Thou Shalt Not Steal: The Biggest Cyber Risks Are Not What You Might Think


Over the last 24 months cyber-security has exploded into public consciousness as organisations from Ashley Madison to the Democratic National Committee have been successfully targeted in cyber-security attacks.

Australasian Directors have become increasingly aware of the major risks associated with cyber-security for ill-prepared organisations. Damage from cyber-crime breaks down into four broad categories:

  1. Manipulation of systems to mis-direct funds (theft) e.g. an illegal bank transfer

  2. Withholding access to or damaging systems to extort payments (extortion) e.g. ransomware

  3. Damage to systems or leaking data with no apparent financial motive (vandalism) e.g. the Sony hack

  4. Theft of intangible assets (intellectual property) (espionage) to be used or sold


    Boards have started to respond: for example New Zealand now has the highest per capita penetration of cyber-insurance in the developed world. Well-crafted cyber-insurance generally covers (1) and (2) and the direct loss (such as system repair and downtime) associated with (3).


    The Danger is Elsewhere

    This is good news and represents a healthy step up from the previously low level of understanding. However many Boards are failing to manage the most catastrophic of all cyber-risks: number (4) intangible asset theft (espionage).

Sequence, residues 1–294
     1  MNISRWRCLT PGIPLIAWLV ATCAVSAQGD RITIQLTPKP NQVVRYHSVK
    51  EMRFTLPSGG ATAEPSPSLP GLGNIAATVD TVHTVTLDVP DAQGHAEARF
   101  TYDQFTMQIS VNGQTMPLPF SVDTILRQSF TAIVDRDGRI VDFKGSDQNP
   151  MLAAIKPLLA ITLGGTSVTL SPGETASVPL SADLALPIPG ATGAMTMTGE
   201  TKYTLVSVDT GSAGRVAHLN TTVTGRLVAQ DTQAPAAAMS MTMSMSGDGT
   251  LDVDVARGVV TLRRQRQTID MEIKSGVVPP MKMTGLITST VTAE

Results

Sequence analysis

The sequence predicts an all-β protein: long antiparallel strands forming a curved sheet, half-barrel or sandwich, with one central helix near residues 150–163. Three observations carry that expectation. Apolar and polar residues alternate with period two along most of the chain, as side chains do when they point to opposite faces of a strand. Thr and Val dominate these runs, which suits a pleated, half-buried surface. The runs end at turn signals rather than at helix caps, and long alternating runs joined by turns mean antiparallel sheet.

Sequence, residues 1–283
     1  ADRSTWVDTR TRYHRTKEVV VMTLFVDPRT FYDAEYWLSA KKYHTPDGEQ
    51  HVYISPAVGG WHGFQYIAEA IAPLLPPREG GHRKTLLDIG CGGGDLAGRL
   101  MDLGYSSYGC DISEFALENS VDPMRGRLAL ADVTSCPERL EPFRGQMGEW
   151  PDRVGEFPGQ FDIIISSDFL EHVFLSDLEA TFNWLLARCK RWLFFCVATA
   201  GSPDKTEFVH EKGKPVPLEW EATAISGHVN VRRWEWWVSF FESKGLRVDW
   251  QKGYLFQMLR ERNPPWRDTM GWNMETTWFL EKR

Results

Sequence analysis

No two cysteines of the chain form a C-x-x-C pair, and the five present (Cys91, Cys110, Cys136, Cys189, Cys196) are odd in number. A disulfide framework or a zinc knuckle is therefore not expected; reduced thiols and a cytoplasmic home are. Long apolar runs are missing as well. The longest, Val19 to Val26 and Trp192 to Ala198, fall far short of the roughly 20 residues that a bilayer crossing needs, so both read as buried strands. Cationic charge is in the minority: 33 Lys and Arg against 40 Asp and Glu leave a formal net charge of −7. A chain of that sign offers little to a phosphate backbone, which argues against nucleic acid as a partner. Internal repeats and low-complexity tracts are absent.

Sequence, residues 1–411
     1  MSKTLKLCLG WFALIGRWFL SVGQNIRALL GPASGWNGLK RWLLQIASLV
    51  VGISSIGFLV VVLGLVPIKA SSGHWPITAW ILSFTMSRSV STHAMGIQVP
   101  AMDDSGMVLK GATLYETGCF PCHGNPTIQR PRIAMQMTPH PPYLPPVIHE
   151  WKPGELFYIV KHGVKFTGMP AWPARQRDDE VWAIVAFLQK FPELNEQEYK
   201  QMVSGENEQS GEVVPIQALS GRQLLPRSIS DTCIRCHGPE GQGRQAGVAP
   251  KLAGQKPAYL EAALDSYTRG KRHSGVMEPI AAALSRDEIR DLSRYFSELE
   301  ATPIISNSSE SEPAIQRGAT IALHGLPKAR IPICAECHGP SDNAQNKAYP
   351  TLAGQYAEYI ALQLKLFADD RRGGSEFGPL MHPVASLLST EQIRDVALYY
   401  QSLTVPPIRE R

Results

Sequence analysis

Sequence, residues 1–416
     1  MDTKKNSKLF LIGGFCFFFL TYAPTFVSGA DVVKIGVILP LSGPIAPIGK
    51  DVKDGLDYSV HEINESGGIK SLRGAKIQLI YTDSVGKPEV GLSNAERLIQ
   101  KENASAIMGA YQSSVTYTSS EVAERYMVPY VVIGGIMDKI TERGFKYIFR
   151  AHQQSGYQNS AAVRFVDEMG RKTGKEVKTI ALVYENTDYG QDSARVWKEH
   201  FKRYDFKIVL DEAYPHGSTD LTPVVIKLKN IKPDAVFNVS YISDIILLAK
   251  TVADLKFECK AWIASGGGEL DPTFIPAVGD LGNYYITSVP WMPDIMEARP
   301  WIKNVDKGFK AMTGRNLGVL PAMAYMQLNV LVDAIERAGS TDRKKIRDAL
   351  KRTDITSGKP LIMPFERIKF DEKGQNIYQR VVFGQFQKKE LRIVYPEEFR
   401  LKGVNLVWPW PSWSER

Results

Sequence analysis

Espionage includes theft of confidential information including algorithms, ingredients and formulas, manufacturing trade secrets and processes, product designs, bills of material, customer, supplier and employee data, pricing information and strategic business and financial information.


    The scale of such intangible asset theft is huge: the US Director of National Intelligence estimated that in 2015 alone Chinese interests stole US$460 billion in intellectual property from US companies.


    In “Cybersecurity Risk to Knowledge Assets” Kilpatrick Townsend & Stockton and the Ponemon Institute surveyed 600 North American companies about their approach to cyber risks to “knowledge assets”. The results were stark:


    Theft is rampant.

  • 74% reported it is likely that their company failed to detect a loss or theft of knowledge assets.

  • 60% stated it is likely one or more of their company’s knowledge assets are now in the hands of a competitor. 

  • Only 31% say their company has a classification system that segments intangible assets based on value or priority.


    Executives and boards aren’t focused on the issue

  • Over 72% rate the company’s approach to the problem as “not effective” and cite lack of in-house expertise (67%) and lack of clear leadership (59%) for this.

  • 59% state a data breach involving knowledge assets would impact a company’s ability to continue as a going concern.

  • 53% felt that senior management is more concerned about a data breach involving credit card or customer information rather than the leakage of knowledge assets.

  • Only 32% say senior management understands the risk caused by unprotected knowledge assets.

  • 69% believe that senior management do not make the protection of knowledge assets a priority.